[Moin-user] Why oh why!
rick.vanderveer at gmail.com
Wed Dec 10 10:59:41 EST 2008
In addition to everything Thomas and Reimer said, I'd like to add that I
personally keep up with the current releases, and try to document the major
changes and upgrade steps which many find useful. It's also linked directly
from the MoinMoinDownload page, so it's easy to find. :-)
- The guides are helpful, but they're still no excuse for reading the
DOCS/changes, that's were the real details are. My guide just helps will
specific examples, the order of steps, etc., which will get up and running
- perform the steps in order. It's probably easier to go from 1.5 to 1.6
to 1.7 to 1.8, than it is to jump from 1.5 to 1.8.
- The biggest, most painful jump is from 1.5 to 1.6. Once you get past
that, the rest are easy. For *next* time, I suggest doing a dry-run on a
back-up of the actual site (either on another machine, or using a virtual
machine such as VMware or VirtualBox).
- Now that you're on the path of upgrading, I do recommend going all the
way to 1.8. I too have mostly novice users, and was able to finally make
the GUI editor the default editor, which my users *love* (and my technical
folk are able to easily switch to the text editor for more power and
control). The GUI editor alone makes the upgrade worth it (as it finally
silences those who complain that the wiki is "too hard" (we all know those
Hope this helps. And please don't hesitate to contact this list if you get
On Wed, Dec 10, 2008 at 4:54 AM, Thomas Waldmann <tw-public at gmx.de> wrote:
> Hi Pierre,
> I am sorry that you had a bad upgrading experience, but please note:
> We provide documentation and expect that people read them (especially,
> but not limited to, when doing major upgrades).
> docs/CHANGES contains docs about every noteworthy change we do,
> including some pointers to some other documentations in docs/* that help
> you with upgrading your config and migration your data to new moin
> Maybe it is a bit a fundamental problem of linux distributions that they
> make it very comfortable to install new code (without reading the docs),
> but OTOH, they don't migrate your wiki data to the new version.
> When manually upgrading moin, users usually search for some docs first
> about how to do that (and then they do it manually, but completely).
> So how can we improve the situation?
> * you need to read the docs before doing major upgrades (especially for
> moin, but maybe even take that as a general rule)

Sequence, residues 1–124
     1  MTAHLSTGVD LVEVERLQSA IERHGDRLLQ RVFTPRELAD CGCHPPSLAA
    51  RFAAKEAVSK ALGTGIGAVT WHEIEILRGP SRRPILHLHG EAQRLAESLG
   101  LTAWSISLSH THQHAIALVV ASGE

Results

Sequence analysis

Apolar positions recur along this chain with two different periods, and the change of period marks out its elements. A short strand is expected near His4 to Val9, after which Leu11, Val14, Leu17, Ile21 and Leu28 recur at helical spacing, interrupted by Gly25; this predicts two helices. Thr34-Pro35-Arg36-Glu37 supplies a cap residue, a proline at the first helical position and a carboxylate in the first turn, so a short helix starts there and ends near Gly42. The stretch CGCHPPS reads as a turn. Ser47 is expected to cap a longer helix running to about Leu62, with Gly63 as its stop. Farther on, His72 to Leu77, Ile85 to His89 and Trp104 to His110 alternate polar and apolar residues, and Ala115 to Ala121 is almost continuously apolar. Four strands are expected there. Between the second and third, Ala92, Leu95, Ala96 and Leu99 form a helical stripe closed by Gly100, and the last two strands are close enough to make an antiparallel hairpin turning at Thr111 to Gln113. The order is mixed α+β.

> * maybe have a backup so you can go back if something unexpected
> * if something goes wrong or you are stuck, ask for help earlier - we
> have a IRC channel, a wiki and a mailing list, usually someone can help
> you very quickly
> * you could file a bug in Debian against the moin package pointing out
> that problem. Maybe just a simple hint like "You MUST
> read /usr/share/moin/docs/CHANGES for important hints about upgrading."
> done with "dialog" (as other packages sometime point out stuff or query
> stuff from the user) would avoid such desasters for Debian (and likely
> also for Ubuntu) users.
> Short comment about "switch for supporting legacy syntax": there is none
> - but we have migration scripts doing most of the conversion
> We did it that way due to the following reasons:
> * the old link markup was a pain (too complicated, some stuff users
> expected did not work, some stuff worked differently as users expected,
> not very regular)
> * the code implementing that link parsing was even worse and we wanted
> to get rid of it (not keep it and make it switchable)
> * Because of changing how spaces and underscores are handled, there was
> no way of just keeping the old link syntax, we had to change it somehow
> to sanely support names with blanks (AND with underscores).
> * the new link markup is different (you and your users need to read
> HelpOnLinking), but much easier and much more powerful. I am sure you'll
> like it after you've used it for a while.
> Finally, as Reimar already pointed out, you maybe want to look at 1.8.x
> releases - this is especially true if many of your users use the GUI
> editor with recent browsers.
> In 1.8, the GUI editor got a major upgrade and now works better with
> those browsers. Also some bugs in the converter where fixed. This was
> the Summer of Code 2008 project of Moon Byeongweon, a student from South
> Korea, who worked for some months on these improvements.
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